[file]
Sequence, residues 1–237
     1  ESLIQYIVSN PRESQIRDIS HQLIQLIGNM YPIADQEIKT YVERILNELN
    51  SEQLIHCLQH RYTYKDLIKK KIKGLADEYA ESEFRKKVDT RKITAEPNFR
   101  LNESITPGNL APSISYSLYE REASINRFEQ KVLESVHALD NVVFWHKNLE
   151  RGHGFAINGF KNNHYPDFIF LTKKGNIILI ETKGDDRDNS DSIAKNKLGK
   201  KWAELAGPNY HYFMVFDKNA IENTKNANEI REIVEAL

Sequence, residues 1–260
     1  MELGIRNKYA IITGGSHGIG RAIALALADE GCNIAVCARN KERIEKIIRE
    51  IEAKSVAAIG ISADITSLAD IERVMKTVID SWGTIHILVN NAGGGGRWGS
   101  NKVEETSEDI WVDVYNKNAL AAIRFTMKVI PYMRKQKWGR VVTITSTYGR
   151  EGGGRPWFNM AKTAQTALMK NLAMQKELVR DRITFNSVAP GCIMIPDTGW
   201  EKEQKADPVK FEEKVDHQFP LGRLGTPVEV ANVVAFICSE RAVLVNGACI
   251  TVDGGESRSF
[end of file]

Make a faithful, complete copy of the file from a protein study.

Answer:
Sequence, residues 1–237
     1  ESLIQYIVSN PRESQIRDIS HQLIQLIGNM YPIADQEIKT YVERILNELN
    51  SEQLIHCLQH RYTYKDLIKK KIKGLADEYA ESEFRKKVDT RKITAEPNFR
   101  LNESITPGNL APSISYSLYE REASINRFEQ KVLESVHALD NVVFWHKNLE
   151  RGHGFAINGF KNNHYPDFIF LTKKGNIILI ETKGDDRDNS DSIAKNKLGK
   201  KWAELAGPNY HYFMVFDKNA IENTKNANEI REIVEAL

Sequence, residues 1–260
     1  MELGIRNKYA IITGGSHGIG RAIALALADE GCNIAVCARN KERIEKIIRE
    51  IEAKSVAAIG ISADITSLAD IERVMKTVID SWGTIHILVN NAGGGGRWGS
   101  NKVEETSEDI WVDVYNKNAL AAIRFTMKVI PYMRKQKWGR VVTITSTYGR
   151  EGGGRPWFNM AKTAQTALMK NLAMQKELVR DRITFNSVAP GCIMIPDTGW
   201  EKEQKADPVK FEEKVDHQFP LGRLGTPVEV ANVVAFICSE RAVLVNGACI
   251  TVDGGESRSF